What's Happening In Greece and How It Affects You

Ryan Bhandari  |

If you’re an investor, you may have noticed that the market took a bit of a dive today. This is the first time in all of 2015 that the S&P 500 has dipped by more than two percentage points in one day. The problem comes from across the Atlantic.

Namely, Greece.

The average investor might not know a whole lot of precise information about what’s been happening there since The Great Recession, but that doesn’t mean they aren’t well aware of the strife.

Major Deadline on Tuesday

Greece is facing a deadline tomorrow that has serious implications for the country’s future. They are scheduled to pay back €1.6 billion to the IMF and they need a loan from the ECB to make this happen. However, the ECB has been giving loans to Greece since 2010, and each loan came with a set of specified conditions for cutting spending and raising taxes. These austerity measures have caused a lot of pain for the Greek people and led to civil unrest.

Earlier this year, a member of a leftwing party called SYRIZA replaced the prime minister who accepted these loans and accepted these stringent austerity measures. Alexis Tsipras, the SYRIZA candidate who is currently Prime Minister, was elected based on his pledge to fight austerity and, to some extent, he’s kept his promise. But at what cost?

The Referendum

Prime Minister Tsipras called for an extensionof this June 30th deadline because he wanted to put the terms and conditions of the new loan to a July 5th referendum for the people to vote on. The IMF rejected this request and, so far, Greece has not accepted the new loan’s terms and conditions. If they fail to do so, Greece will default tomorrow.

This has turned into a game of international economics chicken. Will the IMF cave and give the Greeks an extension or will Tsipras accept the terms and conditions of the new loan? Both parties have a lot to lose if they don’t comply, but neither party wants to concede.

The IMF and ECB don’t want to grant the extension to Greece because it sends the wrong message to countries like Italy, Spain, and Portugal who have accepted loans and held to the strict austerity measures put in place. Greece doesn’t want to accept the terms of the loan because Tsipras specifically ran on an anti-austerity platform and because it’s an “insult to the Greek people”…whatever that means. He doesn’t want to look like a hypocrite and he fears the social unrest that might follow.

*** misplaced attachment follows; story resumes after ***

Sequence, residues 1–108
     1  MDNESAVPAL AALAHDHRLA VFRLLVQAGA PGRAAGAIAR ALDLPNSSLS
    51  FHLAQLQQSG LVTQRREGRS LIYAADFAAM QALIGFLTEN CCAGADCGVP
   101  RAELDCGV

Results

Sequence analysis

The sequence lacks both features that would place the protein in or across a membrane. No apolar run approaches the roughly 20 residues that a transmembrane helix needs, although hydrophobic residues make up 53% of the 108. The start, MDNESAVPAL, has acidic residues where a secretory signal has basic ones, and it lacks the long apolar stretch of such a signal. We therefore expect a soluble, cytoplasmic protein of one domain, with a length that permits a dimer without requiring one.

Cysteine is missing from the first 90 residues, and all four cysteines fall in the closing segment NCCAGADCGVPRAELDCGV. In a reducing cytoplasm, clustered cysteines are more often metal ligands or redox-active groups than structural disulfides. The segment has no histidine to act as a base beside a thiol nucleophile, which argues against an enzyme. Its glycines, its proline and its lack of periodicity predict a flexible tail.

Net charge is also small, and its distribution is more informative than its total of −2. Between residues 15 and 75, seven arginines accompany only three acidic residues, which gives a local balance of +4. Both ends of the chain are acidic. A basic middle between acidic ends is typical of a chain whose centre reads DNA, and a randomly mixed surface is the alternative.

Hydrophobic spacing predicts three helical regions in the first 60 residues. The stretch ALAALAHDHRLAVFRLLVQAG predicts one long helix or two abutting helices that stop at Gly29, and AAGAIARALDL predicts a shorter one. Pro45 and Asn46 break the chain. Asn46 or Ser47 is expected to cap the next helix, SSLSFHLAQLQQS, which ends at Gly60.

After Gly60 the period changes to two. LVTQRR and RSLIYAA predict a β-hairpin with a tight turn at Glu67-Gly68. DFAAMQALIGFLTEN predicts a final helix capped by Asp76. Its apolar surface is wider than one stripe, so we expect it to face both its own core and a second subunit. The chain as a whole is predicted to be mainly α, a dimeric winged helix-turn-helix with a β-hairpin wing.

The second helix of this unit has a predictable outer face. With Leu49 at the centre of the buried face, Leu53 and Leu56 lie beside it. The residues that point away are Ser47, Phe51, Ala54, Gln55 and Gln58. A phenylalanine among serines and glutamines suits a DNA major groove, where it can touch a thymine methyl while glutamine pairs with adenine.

Rating Agencies Losing Faith

Right now, the international financial community doesn’t appear to have a lot of faith that Greece will pull itself together. The S&P has downgraded Greek bonds to CCC- and said there is a 50% chance Greece will default on its debt. They say that there’s a similar chance that Greece exits the Eurozone. If Greece does default on their debt, there will be consequences that extend all over the world, even here in the United States.

Europe Loses a Lot of Money

European countries, as well as the IMF, don’t want to see Greece default because they will lose a lot of money. Right now, Greece has roughly €243 billion in debt. €38.7 billion of that is in the hands of private investors with the rest owned by the IMF, European Central Bank, and the countries of Germany, France, Italy, and Spain. Since nearly all of Greece’s debt is owned by Europe, they will lose a lot in the event of a default. The best-case scenario in the case of a default is a debt-restructuring deal.

There are also fears of a contagion effect, but this seems unlikely. While Greece defaulting would create a disturbance in the market, many people in Europe have been preparing for this day. For that reason, the European Central Bank is confident that any contagion effects will be very limited. Greece has also limited the contagion effect domestically by putting strict capital controls on deposit withdrawals and closing banks across the country for the week. Individuals are only allowed to withdraw sixty euros per day.

Financial Markets Are Losers, Too

Financial markets all over the world have been the real losers today. In America, the Dow Jones and the S&P 500 were both down 2%. The NASDAQ was down 2.4%. The Euro Stoxx 50 Index was down 4.2% and the FTSE in London was down two percent. The Nikkei Index was down 2.9%. The Shanghai Composite Index was down 3.3%.

Unsurprisingly, the price of Greek bonds plummeted with yield on two-year bonds rising to 34%. To give some perspective, the American two-year treasuries have a yield of 0.6%.

How About America?

The United States is largely shielded from the debt crisis in Greece. We have none of their toxic debt on our balance sheet and they account for less than 1% of our total international trade. A financial crisis in Greece would only affect the United States if there were a contagion effect that spreads through Europe.

While the ECB and Prime Ministers Francois Hollande and Angela Merkel might insist that a contagion effect will not happen, the United States can’t just take their word for it. We have a vested interest in making sure Greece either accepts the deal and stays solvent or keeps their financial crisis contained within their borders. Therefore, chairman of the Federal Reserve Janet Yellen has been keeping a close eye on the situation in Greece as well as offering advice to ECB and IMF leaders.


DISCLOSURE: The views and opinions expressed in this article are those of the authors, and do not represent the views of equities.com. Readers should not consider statements made by the author as formal recommendations and should consult their financial advisor before making any investment decisions. To read our full disclosure, please go to: http://www.equities.com/disclaimer



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